A few weeks ago, we noted the release of a new paper on sextortion by the University of New Hampshire's Crimes Against Children Research Center. Now, Legal Momentum, along with Orrick, Herrington & Suttcliffe LLP and the Thomson Reuters Foundation, have released another sextortion paper. Their report reviews both state and federal statutes under which sextortion is prosecuted and suggests a variety of legislative changes to address the problem.
The paper's executive summary is available below:
Judges demand sex in exchange for visas or favorable custody decisions, landlords threaten to evict tenants unless they have sex with them, supervisors condition job security on sex, and principals condition student graduation on sex. These are only a few faces of “sextortion.” Throughout the world, those in power extort vulnerable women and girls by demanding sex, rather than money. Victims have no choice but to comply. Noncompliance leads to life-altering and irreversible harm, such as losing one’s children, deportation, homelessness, incarceration, or unemployment.
In the United States, sextortion has proliferated in the digital age. Whereas traditionally, sextortion was perpetrated by abusers who knew their victims, today anyone with a computer keyboard can perpetrate cyber-sextortion and exert power over strangers.
Perpetrators hack into personal computers and use deceptive practices, obtain private information (including sexual images) and then demand sex or more sexual imagery. Many perpetrators have victimized multiple, even hundreds, of victims. Victims are powerless. When victims have not complied, perpetrators have released sexual images to the victims’ friends, family members, peer groups, religious congregations, teachers, co-workers, and the world at large, via the Internet.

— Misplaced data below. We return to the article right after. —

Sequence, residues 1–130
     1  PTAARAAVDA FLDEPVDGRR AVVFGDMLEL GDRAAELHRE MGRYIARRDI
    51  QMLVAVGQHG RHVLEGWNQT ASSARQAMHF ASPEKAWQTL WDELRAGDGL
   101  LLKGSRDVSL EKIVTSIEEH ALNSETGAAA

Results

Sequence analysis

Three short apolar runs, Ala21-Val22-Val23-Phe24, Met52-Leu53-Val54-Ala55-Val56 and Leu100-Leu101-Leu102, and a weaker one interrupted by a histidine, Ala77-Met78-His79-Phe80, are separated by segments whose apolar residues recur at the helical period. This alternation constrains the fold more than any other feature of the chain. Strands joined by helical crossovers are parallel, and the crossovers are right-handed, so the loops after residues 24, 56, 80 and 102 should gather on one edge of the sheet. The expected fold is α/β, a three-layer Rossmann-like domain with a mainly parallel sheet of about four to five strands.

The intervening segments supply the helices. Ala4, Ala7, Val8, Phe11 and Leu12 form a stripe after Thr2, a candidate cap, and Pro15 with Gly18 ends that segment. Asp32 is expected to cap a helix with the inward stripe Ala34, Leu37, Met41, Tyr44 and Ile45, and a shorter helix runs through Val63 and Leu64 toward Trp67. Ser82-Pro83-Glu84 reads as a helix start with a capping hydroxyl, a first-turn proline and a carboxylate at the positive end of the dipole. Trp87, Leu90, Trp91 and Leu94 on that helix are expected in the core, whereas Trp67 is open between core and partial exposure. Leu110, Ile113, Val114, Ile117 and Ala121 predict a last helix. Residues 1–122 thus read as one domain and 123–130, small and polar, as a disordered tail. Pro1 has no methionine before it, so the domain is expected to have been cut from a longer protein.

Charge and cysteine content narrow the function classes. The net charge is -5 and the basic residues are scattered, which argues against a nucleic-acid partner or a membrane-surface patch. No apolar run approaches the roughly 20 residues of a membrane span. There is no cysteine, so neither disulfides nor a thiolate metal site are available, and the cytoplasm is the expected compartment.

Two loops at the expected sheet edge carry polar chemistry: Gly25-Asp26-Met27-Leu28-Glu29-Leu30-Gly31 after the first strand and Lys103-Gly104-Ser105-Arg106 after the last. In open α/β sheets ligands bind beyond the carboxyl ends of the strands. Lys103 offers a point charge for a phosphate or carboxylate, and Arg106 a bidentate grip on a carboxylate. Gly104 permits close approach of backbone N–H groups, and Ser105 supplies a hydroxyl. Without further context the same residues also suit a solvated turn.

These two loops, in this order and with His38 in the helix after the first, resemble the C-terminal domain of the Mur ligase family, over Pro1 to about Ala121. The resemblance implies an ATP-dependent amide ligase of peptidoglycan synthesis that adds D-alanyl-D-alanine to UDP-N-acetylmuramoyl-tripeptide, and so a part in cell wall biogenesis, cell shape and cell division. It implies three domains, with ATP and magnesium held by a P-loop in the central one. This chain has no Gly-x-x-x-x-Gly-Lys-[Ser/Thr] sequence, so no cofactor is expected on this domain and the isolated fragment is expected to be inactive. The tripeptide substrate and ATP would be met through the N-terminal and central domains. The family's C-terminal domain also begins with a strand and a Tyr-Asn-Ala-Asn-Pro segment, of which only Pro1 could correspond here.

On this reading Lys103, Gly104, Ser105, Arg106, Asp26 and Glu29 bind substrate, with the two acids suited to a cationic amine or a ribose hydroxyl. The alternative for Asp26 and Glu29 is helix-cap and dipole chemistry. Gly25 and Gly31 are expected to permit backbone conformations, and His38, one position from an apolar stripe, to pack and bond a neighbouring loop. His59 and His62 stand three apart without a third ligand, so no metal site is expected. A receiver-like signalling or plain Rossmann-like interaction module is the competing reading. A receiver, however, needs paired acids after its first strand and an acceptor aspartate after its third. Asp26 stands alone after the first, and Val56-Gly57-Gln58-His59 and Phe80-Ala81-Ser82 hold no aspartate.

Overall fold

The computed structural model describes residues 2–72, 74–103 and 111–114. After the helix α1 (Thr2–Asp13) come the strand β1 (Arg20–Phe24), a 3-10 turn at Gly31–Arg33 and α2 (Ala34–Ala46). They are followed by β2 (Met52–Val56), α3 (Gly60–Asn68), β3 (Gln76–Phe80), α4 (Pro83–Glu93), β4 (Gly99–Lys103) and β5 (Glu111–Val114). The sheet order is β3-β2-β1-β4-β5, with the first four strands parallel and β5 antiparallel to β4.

Women and girls are disproportionately impacted by cyber-sextortion. Predators exploit digitally-savvy children and teens who spend hours each day online, often by pretending to be peers on social networking sites. Using false identities, offenders manipulate children and teens to give them information or images that the victims would not want friends, family or their school community to know about. Predators then use these images to demand sex or more sexual images.
The impact of all forms of sextortion on victims’ lives is immeasurable: long-lasting psychological impact and irreversible reputational harm. Many victims are traumatized because they will never know when and where sexual images of them will turn up, or who has viewed them. Victims feel shame and embarrassment and often do not know where or how to obtain help.
As the nation’s oldest advocacy organization devoted to advancing the rights of women and girls, Legal Momentum issues this report to raise awareness about sextortion in the United States so that individuals, parents, the broader public, law enforcement and elected officials, working together, can combat it
Legal Momentum, through this report, also exposes the law’s inadequacy to address this sex offense. Even though everyone who owns a computer is vulnerable to sextortion, United States law does not expressly prohibit it. Legal Momentum calls upon state and federal legislators to take immediate action to remedy this fast-growing sexual coercion. Legal Momentum calls the public, law enforcement and legislators to action to fight sextortion by:
- Educating the public, especially children and teens, about the danger and prevalence of sextortion, especially cyber-sextortion;
- Ensuring that schools incorporate sextortion awareness in their Internet safety curricula;
- Amending existing extortion, cybercrime, sex offense and domestic violence statutes to expressly criminalize sextortion;
- Amending sentencing guidelines to allow for enhanced sentencing for these heinous and devastating crimes; and
- Amending sex offender registration and notification laws to allow for increased monitoring of sextortion offenders.